Larger corpus callosum size with better motor performance in prematurely born children

  • Rademaker K
  • Lam J
  • Van Haastert I
 et al.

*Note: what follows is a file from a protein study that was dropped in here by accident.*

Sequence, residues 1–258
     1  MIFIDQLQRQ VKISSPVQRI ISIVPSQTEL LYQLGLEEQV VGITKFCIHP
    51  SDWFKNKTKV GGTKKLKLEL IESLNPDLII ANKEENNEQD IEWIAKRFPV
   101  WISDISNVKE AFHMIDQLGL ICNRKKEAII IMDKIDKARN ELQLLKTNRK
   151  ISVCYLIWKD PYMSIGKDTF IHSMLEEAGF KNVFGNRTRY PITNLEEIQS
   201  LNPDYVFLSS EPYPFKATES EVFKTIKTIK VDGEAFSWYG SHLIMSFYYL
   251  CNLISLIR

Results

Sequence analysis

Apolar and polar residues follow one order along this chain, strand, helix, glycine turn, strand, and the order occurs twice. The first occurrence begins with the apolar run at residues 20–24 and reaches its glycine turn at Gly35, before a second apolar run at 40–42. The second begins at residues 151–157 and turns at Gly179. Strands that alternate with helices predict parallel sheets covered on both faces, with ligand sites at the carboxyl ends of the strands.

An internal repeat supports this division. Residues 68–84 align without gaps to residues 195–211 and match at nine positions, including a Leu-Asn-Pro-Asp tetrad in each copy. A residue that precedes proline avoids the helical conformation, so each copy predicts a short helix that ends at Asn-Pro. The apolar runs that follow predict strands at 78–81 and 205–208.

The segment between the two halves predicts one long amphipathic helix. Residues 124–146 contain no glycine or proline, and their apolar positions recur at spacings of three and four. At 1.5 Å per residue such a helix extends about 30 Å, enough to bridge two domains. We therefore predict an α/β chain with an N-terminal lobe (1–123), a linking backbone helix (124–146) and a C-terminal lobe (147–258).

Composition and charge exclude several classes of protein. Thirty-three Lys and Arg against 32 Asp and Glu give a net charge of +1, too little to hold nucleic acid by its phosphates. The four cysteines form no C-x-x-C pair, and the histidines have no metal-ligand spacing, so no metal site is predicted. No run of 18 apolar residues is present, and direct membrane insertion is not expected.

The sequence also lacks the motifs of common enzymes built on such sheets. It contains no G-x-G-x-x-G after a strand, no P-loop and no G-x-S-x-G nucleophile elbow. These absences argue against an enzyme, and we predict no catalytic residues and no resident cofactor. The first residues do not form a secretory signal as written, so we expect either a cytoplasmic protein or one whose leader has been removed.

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The objective of this study is to determine the relation between the size of the corpus callosum (CC) and motor performance in a population-based cohort of preterm children. Preterm born children (n = 221) with a gestational age less than or equal to 32 weeks and/or a birth weight below 1500 g were eligible for this study. At the age of 7 or 8 years, frontal, middle, posterior, and total areas (mm2) of the corpus callosum were measured on true midsagittal MRI. Due to anxiety of 10 children and motion artifacts in 7 other children, 204 MRIs could be assessed in the preterm group (mean GA 29.4 weeks, sd 2.0, mean BW 1200 g, sd 323). The preterm group consisted of 15 children with cerebral palsy (CP) and 189 children without CP. Motor function was established by using the Movement Assessment Battery for Children, and the Developmental Test of Visual Motor Integration was obtained. The same examinations were performed in 21 term born children. The mean total cross-sectional CC area was significantly smaller in preterm born infants compared with their term born controls (338 mm2versus 422 mm2, P < 0.0001). The preterm children with CP had significantly smaller mean CC areas compared with the preterms who did not develop CP (P < 0.0001-P < 0.002). However, the preterms born without CP also had significantly smaller body, posterior, and total CC areas compared with term born controls (P < 0.0001-P < 0.002). Only the difference in frontal area measurements did not reach significance between the preterm group without CP and the term born controls (P = 0.096). There was a significant inverse association between the total impairment score (TIS) and its subdomains of the Movement ABC and the areas of the CC in the group of preterm children. Higher TIS (indicating poorer motor function) was strongly related to smaller total CC area: linear regression coefficient (lrc) -3.3 mm2/score point (95% CI -4.5, -2.1). The association existed in all parts of the CC but increased in the direction of the posterior part: frontal: lrc -0.8 mm2/score point (-1.2, -0.4), middle: lrc -1.1 mm2/score point (-1.7, -0.5) and posterior: lrc -1.4 mm2/score point (-1.8, -0.9). An association between CC area and its subareas and the standard scores of the VMI was also found. A larger CC was strongly related to better scores on the VMI test: total area CC: lrc 0.05 score/mm2(95% CI 0.03, 0.07), frontal: lrc 0.12 score/mm2(0.05, 0.19), middle: lrc 0.10 score/mm2(0.05, 0.15) and posterior: lrc 0.12 score/mm2(0.06, 0.18). After adjustment for gestational age, birth weight, and total cerebral area, these associations were still significant. There is a strong association between the size of the corpus callosum (total midsagittal cross area as well as frontal, middle, and posterior area) and motor function in preterm children, investigated at school age. A poorer score on the Movement ABC was related to a smaller CC. A larger CC was strongly associated with better VMI standard scores. © 2004 Elsevier Inc. All rights reserved.

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